The Manchester Baby gradually evolved into a more usable machine, known variously as the Manchester Mark 1 or the Manchester Automatic Digital Machine (MADM). It was developed in close collaboration with the local engineering firm, Ferranti, who produced a commercial model in 1951.
The Ferranti Mark 1, as it was called, was the world’s first commercially available electronic computer: for a brief period in the early 1950s, Ferranti was one of the world’s leading suppliers of computing equipment, prompting (short-lived) hopes of British dominance in this increasingly important new industry. The first model was delivered to the University in February 1951. Its first home was the low-rise brick building on Coupland Street, now known as Coupland 1, which was purpose-built as the University’s “Computing Machine Laboratory”. Computing activity later transferred to the Electrical Engineering (now Zochonis) Building on the other side of Oxford Road, and eventually to the much larger Computer Building (now Kilburn Building) to the north.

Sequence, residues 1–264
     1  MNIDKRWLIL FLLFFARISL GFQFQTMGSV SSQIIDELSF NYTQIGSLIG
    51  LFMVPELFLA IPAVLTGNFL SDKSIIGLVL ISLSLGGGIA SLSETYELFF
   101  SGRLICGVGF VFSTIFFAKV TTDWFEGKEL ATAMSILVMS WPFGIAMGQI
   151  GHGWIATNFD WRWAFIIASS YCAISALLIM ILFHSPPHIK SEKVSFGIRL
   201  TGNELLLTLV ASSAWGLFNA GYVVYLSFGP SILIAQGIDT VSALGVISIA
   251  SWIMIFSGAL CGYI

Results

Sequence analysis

Alan Turing, who joined the Mathematics Department in 1948 and became Deputy Director of the Laboratory the following year, was already well known for his revolutionary 1930s work on computability theory. Although his official role on the computer project was to develop software for the Mark 1, the restless and often unpredictable Turing pursued a variety of interests which the possibilities of the computer had opened up.
It was here, in 1950, that Turing prepared his famous 1950 contribution to the psychology journal Mind, on the question of whether machines in future might be defined as “thinking”: the answer, said Turing, was yes, if their responses to any given variety of questioning could not be convincingly distinguished from human responses.
Turing’s other great interest, from 1952, was morphogenesis – the formation of asymmetry and patterns in biology – which he pursued in collaboration with C W Wardlaw, who held the Cryptogamic Botany chair. Turing here hoped to treat the computer as a newly powerful tool to demonstrate that, given certain starting conditions and rules, distinct patterns could emerge from apparently homogeneous starting materials. His notorious conviction for “gross indecency” in 1952 had no apparent effect on his enthusiastic contribution to research on this and other mathematical questions. In 1954, however, Turing took his own life.